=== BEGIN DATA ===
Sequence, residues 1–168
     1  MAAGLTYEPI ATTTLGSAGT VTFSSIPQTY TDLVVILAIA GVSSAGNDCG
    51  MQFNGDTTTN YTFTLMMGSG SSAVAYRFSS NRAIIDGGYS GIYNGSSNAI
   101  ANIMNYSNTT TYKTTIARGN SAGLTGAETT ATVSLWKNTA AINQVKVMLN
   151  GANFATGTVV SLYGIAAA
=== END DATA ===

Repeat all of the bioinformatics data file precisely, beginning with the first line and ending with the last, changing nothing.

Sequence, residues 1–168
     1  MAAGLTYEPI ATTTLGSAGT VTFSSIPQTY TDLVVILAIA GVSSAGNDCG
    51  MQFNGDTTTN YTFTLMMGSG SSAVAYRFSS NRAIIDGGYS GIYNGSSNAI
   101  ANIMNYSNTT TYKTTIARGN SAGLTGAETT ATVSLWKNTA AINQVKVMLN
   151  GANFATGTVV SLYGIAAA